What is a C library?

A C library is a set of named functions, for example dbinit() or SQLConnect(). Or, for that matter, fopen(3)[34].

Libraries come in two flavors: static and dynamic.

Static libraries

Static libraries (also known as archives) have been around as long as C itself. Like a .zip file, they're just a bag of object files — containing functions, of course — with a table of contents in front giving the address of each name[35]. Static libraries are created from object files using a librarian utility of some kind. One such programs is ar, for archive.

Static libraries are part of the build environment. Functions in static libraries are joined to a program's main module by a static linker at build time to produce an executable program. The executable incorporates the libraries' object code into its own body, making it completely self-sufficient.

Dynamic libraries

Dynamic libraries are the new kid on the block, as these things go, arriving on the Unix scene circa 1985. Like a static library, a dynamic library is a collection of functions with a table of contents. They are referenced at build time to give the executable information about how they will eventually be used, but they aren't used until run time.

Dynamic libraries are part of the run-time environment. When a program is run, the run-time linker finds the dynamic libraries needed by the program, finds the addresses of the required functions, and assembles a runable image in memory. Missing libraries and/or missing functions — or the wrong versions of them — can lead to head-scratching and other amusing behavior.

In Windows® dynamic libraries are called dynamic link libraries (DLLs). In Unix they're normally called shared objects. But they're roughly the same thing.

[Note]What about .h files?

C header files include functional prototypes, declarations (not definitions) of functions. Functional prototypes describe to the compiler each function's parameters, allowing the compiler to confirm that the function is being called correctly.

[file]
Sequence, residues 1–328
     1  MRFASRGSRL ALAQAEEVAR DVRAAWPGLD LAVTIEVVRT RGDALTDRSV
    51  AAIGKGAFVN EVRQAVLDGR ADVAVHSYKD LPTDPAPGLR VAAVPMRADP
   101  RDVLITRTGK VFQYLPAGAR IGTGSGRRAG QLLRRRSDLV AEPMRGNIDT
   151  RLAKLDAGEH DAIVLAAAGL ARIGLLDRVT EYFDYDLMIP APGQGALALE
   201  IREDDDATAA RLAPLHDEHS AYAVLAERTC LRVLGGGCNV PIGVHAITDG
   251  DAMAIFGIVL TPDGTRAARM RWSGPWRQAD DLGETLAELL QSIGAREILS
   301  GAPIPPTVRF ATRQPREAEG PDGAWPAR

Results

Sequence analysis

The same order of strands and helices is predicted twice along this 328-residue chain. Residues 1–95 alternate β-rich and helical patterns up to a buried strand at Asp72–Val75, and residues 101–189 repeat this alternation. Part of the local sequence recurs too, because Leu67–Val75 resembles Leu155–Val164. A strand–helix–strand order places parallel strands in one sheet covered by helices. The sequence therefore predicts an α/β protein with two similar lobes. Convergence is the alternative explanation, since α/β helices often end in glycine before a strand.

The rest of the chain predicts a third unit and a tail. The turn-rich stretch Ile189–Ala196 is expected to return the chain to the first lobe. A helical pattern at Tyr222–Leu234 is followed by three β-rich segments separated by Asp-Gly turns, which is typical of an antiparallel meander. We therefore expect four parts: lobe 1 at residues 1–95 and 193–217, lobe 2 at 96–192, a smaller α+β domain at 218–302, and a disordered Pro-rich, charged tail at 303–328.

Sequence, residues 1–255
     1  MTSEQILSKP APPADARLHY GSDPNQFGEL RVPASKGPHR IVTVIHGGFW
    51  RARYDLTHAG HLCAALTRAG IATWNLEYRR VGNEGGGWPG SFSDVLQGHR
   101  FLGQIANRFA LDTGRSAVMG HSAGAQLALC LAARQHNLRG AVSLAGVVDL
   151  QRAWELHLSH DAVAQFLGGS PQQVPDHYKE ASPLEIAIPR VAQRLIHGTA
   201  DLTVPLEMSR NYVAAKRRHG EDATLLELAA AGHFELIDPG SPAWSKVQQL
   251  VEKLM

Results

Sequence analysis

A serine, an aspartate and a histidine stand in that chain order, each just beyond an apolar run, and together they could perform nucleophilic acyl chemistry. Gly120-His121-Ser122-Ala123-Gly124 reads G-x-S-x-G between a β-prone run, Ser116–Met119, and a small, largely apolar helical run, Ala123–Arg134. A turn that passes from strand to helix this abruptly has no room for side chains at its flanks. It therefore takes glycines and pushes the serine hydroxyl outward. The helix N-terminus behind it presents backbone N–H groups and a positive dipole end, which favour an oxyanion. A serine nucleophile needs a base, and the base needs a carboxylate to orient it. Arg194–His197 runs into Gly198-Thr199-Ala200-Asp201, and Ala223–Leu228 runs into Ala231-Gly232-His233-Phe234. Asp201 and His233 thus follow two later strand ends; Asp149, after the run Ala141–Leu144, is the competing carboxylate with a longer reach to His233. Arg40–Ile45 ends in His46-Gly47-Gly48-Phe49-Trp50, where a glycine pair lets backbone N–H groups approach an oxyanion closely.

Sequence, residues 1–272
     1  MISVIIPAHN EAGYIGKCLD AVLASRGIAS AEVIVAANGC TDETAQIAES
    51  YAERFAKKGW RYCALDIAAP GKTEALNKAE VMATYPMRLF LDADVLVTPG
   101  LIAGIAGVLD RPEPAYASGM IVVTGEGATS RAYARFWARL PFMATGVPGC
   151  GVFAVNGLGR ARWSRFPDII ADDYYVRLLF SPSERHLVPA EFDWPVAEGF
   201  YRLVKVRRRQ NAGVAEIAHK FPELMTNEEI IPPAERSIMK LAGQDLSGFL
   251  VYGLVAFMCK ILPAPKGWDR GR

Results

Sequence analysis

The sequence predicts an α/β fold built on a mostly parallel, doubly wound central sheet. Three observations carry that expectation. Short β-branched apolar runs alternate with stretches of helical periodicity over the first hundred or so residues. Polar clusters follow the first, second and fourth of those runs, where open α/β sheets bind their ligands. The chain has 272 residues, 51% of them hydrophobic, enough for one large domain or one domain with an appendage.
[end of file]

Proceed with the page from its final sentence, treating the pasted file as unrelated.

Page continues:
Most of the functions declared in header files are implemented in libraries. However, there's no mechanical or automatic relationship between the functional prototypes in the header files and their implementation in a library. The .h file is maintained by hand, by the programmer, and is used to generate a library. The header file and associated library are distributed and installed together (one hopes), but correct installation and subsequent use by the compiler & linker require human beings to keep track of the pair. Failure to do so leads to interesting development and even run-time problems, especially with libraries whose functions' parameters change from version to version.

For example, imagine a function f(int g) defined in library libf.so and declared in f.h. In a later version of libf.so, the function's parameter is changed to use a pointer, f(int *p), and f.h is likewise updated. Possible errors that cannot be prevented by the linker include:

  1. An old program could use the new library. Probably the integer it passes will be interpreted as an out-of-bounds address, resulting in a segmentation violation.

  2. A new program could use the old library, passing an address that the library interprets as an integer. Hillarity ensues.

  3. Existing source code could be compiled using the old header file but linked to the new library. If you've never done that, give it time.

These errors are possible because C functions are identified to the linker by name only. On the upside, that makes the tools simple and easy to implement and, by the same token, simplifies the use of C libraries by other languages. The downside is that the work of ensuring that the right libraries are used becomes an administrative task instead of a technical one.

[34] The Unix convention is to put in parentheses behind the name the section of the manual in which the function is documented. FreeTDS functions don't get numbers because they're not in the manual. Yet.

[35] Or, depending on how you look at it, the name of each address.